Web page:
2 Pay attention to what industry experts and your professional association are doing in the realm of the “future of work” and what is predicted for your industry. Some of the current concerns include artificial intelligence and robotics, consumer pressures (such as related to the environment), and changing buying habits – all of which will require your company to adapt. What do you need to start training your future leaders for, today?

3 Hold one-on-one interviews and ask your current leaders what prepared them for the role they hold today. Most often you’ll learn that formal development is not credited as much as mentorship, on the job learning, and a wide array of experiences.  These insights will help you to decide the best course of leadership development, for your organization, going forward. For example, you could put four future- leaders through an off-site leadership development program or you might choose to institute a job rotation program for everyone at your company. The two options might cost the same amount, but will return vastly different results.  You’ll want to thoughtfully consider how people truly learn leadership in your organization.

Note: Be very concerned if the majority of responses are, “I learned it at my previous job,” because that means you are doing nothing to develop leaders in your organization and are instead relying on other companies to develop them and hoping you can then hire them away. That “strategy” puts your company in a very precarious position; the topic of another article entirely.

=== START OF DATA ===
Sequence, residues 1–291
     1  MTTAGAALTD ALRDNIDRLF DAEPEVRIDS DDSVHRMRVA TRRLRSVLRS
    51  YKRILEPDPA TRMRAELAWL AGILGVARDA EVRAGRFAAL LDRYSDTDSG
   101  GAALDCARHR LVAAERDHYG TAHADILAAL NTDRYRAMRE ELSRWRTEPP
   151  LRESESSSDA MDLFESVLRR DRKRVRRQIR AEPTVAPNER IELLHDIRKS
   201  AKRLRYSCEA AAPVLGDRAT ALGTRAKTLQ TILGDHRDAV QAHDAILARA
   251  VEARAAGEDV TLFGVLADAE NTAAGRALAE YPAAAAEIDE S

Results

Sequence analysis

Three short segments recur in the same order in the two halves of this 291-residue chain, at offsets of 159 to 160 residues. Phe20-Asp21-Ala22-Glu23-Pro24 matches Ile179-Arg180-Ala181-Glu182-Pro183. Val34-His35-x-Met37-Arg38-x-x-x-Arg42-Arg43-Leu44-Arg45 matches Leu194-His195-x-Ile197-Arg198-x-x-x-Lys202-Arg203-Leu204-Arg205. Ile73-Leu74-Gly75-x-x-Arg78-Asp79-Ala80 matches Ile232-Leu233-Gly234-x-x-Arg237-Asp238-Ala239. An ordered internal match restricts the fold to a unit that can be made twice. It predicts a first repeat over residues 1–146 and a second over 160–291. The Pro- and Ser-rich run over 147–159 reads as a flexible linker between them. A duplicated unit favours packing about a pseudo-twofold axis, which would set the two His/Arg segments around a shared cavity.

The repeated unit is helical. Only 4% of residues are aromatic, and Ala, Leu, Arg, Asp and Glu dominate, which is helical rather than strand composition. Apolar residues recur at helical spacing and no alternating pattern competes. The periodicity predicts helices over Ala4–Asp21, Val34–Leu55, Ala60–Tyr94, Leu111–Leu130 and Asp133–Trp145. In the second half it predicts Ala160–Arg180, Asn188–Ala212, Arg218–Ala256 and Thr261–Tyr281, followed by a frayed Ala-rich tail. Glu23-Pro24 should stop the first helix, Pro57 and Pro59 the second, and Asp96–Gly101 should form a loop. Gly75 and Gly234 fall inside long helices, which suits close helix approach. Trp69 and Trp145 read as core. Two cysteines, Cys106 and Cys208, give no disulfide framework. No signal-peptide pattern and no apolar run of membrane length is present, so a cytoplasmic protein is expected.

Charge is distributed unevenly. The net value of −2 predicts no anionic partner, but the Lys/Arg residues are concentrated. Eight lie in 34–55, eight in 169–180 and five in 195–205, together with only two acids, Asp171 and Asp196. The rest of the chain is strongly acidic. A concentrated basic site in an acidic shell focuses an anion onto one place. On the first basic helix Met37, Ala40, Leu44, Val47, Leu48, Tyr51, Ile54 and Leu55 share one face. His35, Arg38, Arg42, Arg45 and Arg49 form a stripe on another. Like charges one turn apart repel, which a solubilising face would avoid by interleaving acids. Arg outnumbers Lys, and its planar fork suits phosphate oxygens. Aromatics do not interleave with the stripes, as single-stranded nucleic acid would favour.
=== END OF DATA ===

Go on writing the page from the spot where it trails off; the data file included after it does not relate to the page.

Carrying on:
Step 3 – Consider How You Will Develop Leadership Skills

Once you have identified the skills that should be developed in your future leaders, you’ll need to determine how to get them those skills.  Creating a formalized leadership development program is a time consuming and arduous process – which is why most companies forego it and instead cross their fingers and hope their future leaders will “appear” when needed.

Sending people out for leadership development can be cost-prohibitive and because of that, the number of individuals that get developed is generally far fewer than is needed by any organization. A smart option for most companies is to mete leadership development out to everyone, through easy-to-implement activities such as reading groups or lunch-and-learns, and on-the-job projects such as a multi-discipline initiative. Over time, small and consistent development opportunities will build the leadership skills your organization needs and alleviate succession planning concerns.

Once you have considered and acted upon these first three steps in succession planning, you’ll be well on your way to ensuring that your company has a leadership pipeline capable of continuing excellent work despite a rapidly changing business environment.

Note: This article was first published by Training Industry Magazine.